1. Mages, Keith C. MSN, MLS, RN


A look at dolls in nursing care in the 20th century.


Editor's note: Looking Back features the work of scholars using primary-source visual and textual documents. The column seeks interesting historical photographs accompanied by brief essays that speak to each photograph's context and implications for contemporary nursing. See AJN's author guidelines at


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In 1912, AJN published a short story whose heroine, with sawdust bones and arms of unequal length, was called simply the "brown-eyed doll."1 After a long, lonely wait in a toy store, this doll was purchased to comfort a little girl who'd been hospitalized for an arm amputation-generating an instantaneous mutual sympathy between the two.

Figure. A row of dol... - Click to enlarge in new windowFigure. A row of dolls illustrates "nursing through the ages" at the city of Philadelphia's Philadelphia on Parade exhibition, May 9-18, 1935. The exhibit was prepared by students at the Philadelphia General Hospital School of Nursing. Photo courtesy of the Barbara Bates Center for the Study of Nursing at the University of Pennsylvania School of Nursing, Philadelphia.

This story highlighted one of the important and highly visible roles dolls played in nursing care throughout much of the 20th century. Nurses caring for children commonly acknowledged dolls' ability to soothe, entertain, promote healthy emotional and mental development and physical healing, and teach their young patients about their illnesses, injuries, and care.2-4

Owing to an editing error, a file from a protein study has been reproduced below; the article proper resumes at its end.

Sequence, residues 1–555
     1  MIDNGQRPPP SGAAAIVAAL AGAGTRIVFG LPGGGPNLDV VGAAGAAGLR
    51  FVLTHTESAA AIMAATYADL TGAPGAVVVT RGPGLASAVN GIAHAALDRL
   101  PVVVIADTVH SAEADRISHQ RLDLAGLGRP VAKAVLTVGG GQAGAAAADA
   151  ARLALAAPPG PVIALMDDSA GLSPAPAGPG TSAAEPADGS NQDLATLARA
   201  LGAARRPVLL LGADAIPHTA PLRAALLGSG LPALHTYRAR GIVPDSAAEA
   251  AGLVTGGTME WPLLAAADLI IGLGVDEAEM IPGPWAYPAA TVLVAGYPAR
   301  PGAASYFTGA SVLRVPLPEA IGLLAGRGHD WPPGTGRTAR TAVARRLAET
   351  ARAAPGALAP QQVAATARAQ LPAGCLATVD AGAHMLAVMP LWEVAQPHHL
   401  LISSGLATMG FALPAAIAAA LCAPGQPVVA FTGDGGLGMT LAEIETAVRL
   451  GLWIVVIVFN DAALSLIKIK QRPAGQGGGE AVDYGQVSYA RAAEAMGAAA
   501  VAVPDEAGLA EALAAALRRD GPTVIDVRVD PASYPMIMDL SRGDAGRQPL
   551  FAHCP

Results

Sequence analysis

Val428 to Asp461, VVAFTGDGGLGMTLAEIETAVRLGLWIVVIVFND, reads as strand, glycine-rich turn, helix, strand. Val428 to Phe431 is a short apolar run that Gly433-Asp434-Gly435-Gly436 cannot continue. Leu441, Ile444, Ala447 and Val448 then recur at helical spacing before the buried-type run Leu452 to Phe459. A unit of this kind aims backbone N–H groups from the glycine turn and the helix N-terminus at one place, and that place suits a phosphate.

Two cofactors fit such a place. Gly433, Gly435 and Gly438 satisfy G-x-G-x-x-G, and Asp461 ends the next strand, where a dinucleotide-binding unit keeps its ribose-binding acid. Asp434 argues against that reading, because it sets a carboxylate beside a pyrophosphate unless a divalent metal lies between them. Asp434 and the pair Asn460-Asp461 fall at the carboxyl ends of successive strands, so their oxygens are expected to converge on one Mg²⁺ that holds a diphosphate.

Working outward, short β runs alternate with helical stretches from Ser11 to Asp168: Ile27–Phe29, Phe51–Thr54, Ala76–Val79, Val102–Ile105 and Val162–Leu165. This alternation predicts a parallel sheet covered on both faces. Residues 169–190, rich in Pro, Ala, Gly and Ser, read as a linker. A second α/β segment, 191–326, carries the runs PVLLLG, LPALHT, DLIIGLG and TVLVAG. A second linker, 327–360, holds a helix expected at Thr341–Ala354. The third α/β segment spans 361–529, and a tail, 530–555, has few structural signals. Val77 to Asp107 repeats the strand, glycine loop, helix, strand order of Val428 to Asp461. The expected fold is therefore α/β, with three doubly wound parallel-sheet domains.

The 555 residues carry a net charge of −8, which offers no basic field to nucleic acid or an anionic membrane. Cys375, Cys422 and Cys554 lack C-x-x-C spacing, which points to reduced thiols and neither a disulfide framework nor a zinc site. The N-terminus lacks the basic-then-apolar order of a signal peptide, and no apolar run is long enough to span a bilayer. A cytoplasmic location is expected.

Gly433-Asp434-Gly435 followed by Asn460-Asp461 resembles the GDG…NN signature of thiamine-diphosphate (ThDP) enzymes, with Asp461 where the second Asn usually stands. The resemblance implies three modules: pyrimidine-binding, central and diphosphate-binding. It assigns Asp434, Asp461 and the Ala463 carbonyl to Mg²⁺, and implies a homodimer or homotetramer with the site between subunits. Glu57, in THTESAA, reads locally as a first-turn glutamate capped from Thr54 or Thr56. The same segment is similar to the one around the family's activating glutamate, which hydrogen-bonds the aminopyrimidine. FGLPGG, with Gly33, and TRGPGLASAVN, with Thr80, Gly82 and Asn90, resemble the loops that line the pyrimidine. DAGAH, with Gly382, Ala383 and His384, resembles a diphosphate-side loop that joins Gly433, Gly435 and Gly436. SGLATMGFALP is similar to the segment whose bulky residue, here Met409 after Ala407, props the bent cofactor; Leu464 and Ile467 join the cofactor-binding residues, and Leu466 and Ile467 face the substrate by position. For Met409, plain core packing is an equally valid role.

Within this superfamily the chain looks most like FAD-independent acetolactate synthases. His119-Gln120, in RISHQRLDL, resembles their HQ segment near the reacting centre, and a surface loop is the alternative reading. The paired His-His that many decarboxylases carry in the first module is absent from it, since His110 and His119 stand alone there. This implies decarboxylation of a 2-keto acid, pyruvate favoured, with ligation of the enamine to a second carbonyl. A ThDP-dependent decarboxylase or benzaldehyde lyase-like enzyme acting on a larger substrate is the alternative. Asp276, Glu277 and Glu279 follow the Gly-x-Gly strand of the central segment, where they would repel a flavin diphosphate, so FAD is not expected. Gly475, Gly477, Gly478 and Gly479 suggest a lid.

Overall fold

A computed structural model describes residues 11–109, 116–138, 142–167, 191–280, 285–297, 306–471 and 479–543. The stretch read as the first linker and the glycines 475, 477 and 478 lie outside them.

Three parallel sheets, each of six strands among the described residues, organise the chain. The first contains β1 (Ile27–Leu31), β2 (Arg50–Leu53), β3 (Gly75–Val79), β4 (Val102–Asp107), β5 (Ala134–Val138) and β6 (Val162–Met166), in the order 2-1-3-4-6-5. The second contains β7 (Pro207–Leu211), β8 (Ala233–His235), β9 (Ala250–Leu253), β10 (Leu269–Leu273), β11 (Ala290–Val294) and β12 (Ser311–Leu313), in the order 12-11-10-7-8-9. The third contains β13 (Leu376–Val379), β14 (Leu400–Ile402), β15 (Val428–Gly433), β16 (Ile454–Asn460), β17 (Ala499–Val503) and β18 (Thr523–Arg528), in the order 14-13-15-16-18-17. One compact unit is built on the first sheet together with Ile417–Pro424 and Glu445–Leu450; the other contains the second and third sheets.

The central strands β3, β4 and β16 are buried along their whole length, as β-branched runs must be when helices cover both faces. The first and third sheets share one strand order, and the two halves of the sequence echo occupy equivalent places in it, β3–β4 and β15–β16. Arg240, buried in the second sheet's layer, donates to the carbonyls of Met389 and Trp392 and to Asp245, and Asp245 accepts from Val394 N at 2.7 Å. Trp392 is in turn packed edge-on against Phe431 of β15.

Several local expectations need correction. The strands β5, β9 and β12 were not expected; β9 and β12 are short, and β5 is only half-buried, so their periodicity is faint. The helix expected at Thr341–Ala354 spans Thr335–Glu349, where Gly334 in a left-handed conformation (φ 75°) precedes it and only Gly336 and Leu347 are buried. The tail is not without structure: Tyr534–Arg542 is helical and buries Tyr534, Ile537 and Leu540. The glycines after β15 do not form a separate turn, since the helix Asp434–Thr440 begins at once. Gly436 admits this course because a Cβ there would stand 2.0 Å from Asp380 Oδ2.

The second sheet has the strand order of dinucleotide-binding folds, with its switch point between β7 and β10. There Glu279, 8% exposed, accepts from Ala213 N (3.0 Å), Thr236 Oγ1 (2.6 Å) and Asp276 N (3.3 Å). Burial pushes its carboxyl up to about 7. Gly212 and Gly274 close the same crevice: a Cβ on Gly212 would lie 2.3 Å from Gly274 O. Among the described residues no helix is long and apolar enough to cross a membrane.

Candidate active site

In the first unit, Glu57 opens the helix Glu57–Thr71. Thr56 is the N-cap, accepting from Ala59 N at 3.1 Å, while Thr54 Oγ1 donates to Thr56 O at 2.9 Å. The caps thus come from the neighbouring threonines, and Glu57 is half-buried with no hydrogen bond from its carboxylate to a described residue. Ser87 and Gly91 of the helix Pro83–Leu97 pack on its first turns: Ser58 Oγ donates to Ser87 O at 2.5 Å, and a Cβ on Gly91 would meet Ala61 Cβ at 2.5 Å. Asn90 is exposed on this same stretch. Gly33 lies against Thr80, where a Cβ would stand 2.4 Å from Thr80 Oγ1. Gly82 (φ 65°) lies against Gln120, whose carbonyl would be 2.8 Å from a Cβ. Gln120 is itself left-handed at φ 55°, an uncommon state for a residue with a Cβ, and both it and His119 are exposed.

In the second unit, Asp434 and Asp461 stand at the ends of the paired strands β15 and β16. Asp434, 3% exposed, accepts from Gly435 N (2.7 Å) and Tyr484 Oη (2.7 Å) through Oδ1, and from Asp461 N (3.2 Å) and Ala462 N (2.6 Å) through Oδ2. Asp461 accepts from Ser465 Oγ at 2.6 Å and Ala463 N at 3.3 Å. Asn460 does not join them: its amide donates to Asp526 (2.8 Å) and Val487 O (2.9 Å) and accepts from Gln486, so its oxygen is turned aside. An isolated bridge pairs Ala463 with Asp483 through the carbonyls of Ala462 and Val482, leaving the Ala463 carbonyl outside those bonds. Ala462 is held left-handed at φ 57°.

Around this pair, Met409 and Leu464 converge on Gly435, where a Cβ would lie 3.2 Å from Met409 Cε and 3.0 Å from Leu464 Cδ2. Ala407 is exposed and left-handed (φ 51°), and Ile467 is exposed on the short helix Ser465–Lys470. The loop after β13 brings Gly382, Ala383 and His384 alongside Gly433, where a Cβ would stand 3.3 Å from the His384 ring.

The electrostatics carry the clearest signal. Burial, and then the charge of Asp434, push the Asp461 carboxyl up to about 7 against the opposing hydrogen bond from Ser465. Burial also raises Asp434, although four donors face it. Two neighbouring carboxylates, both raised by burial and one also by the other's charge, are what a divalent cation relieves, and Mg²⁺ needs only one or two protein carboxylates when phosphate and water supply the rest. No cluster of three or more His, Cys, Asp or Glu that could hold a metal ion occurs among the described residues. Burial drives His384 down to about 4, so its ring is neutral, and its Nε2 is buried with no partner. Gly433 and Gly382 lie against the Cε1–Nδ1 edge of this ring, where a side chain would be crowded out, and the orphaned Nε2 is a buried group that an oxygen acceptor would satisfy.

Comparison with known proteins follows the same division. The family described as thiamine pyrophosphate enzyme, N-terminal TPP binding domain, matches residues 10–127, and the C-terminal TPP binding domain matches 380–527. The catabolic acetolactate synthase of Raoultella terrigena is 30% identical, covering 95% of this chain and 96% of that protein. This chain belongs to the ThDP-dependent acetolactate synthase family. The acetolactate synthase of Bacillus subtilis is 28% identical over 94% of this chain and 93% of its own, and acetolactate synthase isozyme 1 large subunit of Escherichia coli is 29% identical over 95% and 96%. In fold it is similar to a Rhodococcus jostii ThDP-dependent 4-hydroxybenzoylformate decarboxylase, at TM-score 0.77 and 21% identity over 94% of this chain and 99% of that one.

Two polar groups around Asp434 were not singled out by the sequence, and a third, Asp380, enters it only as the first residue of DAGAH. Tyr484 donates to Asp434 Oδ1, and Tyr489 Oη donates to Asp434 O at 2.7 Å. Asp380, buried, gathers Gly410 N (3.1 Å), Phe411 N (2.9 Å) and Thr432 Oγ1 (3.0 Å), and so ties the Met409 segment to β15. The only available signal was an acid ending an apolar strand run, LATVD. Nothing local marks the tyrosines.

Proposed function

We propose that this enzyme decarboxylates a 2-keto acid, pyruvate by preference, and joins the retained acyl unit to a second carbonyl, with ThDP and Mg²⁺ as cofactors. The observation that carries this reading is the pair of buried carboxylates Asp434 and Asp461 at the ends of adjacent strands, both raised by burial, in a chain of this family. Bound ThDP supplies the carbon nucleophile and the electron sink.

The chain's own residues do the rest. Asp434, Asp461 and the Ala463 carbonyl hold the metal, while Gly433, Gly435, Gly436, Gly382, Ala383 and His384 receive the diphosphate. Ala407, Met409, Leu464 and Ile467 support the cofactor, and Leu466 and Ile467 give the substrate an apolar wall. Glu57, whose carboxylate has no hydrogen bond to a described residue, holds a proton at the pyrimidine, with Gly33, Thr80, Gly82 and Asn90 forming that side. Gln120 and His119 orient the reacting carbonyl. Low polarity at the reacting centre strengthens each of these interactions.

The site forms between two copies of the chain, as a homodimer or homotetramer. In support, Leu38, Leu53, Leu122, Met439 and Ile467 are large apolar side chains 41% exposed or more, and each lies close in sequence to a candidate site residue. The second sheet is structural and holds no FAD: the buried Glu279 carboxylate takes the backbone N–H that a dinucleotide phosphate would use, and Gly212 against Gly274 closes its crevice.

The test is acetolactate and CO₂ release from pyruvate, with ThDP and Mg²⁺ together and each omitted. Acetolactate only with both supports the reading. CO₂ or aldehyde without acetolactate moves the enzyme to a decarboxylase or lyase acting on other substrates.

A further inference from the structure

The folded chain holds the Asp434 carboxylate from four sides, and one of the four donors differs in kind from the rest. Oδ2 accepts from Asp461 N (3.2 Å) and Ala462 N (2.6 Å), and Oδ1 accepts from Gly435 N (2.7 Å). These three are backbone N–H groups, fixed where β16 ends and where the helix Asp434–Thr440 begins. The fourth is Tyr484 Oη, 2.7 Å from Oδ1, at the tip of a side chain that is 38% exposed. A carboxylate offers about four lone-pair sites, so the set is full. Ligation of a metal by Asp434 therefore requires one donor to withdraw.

However, nurses and dolls didn't collaborate only for the therapeutic benefit of children. Through much of the 20th century, they enjoyed a multifaceted, often very public relationship. Nurses proudly wrote of recuperating adults who made dolls as both diversion and occupational therapy. And nurses whose patients undertook craft making were said to engage in it themselves as recreation.5


Dolls also connected nurses to their profession's past. Classmates in one history of nursing course in the 1930s turned dime-store dolls into a display of historical nursing characters. Fabiola of ancient Rome, Civil War nurse Mother Angela, and even Sairey Gamp, the fictional inebriate nurse of Charles Dickens's Martin Chuzzlewit, among many other notable nurses, were carefully researched and recreated, reportedly to much admiration.6 Students from the Philadelphia General Hospital School of Nursing undertook a similar endeavor (pictured).7


In addition to teaching nursing students about their profession's history, dolls also helped them learn essential skills. Perhaps the most ubiquitous of these dolls was the Chase Hospital Doll, a precursor to the modern SimMan. Complete with an injection site on the arm and an internal reservoir for urethral, vaginal, and rectal treatments, the life-size female Chase doll, introduced early in the 20th-century, was instrumental in educating countless nursing students of the era.8 It was soon supplemented with various child-size manikins and, at the request of the U.S. Army in the 1940s, a male counterpart.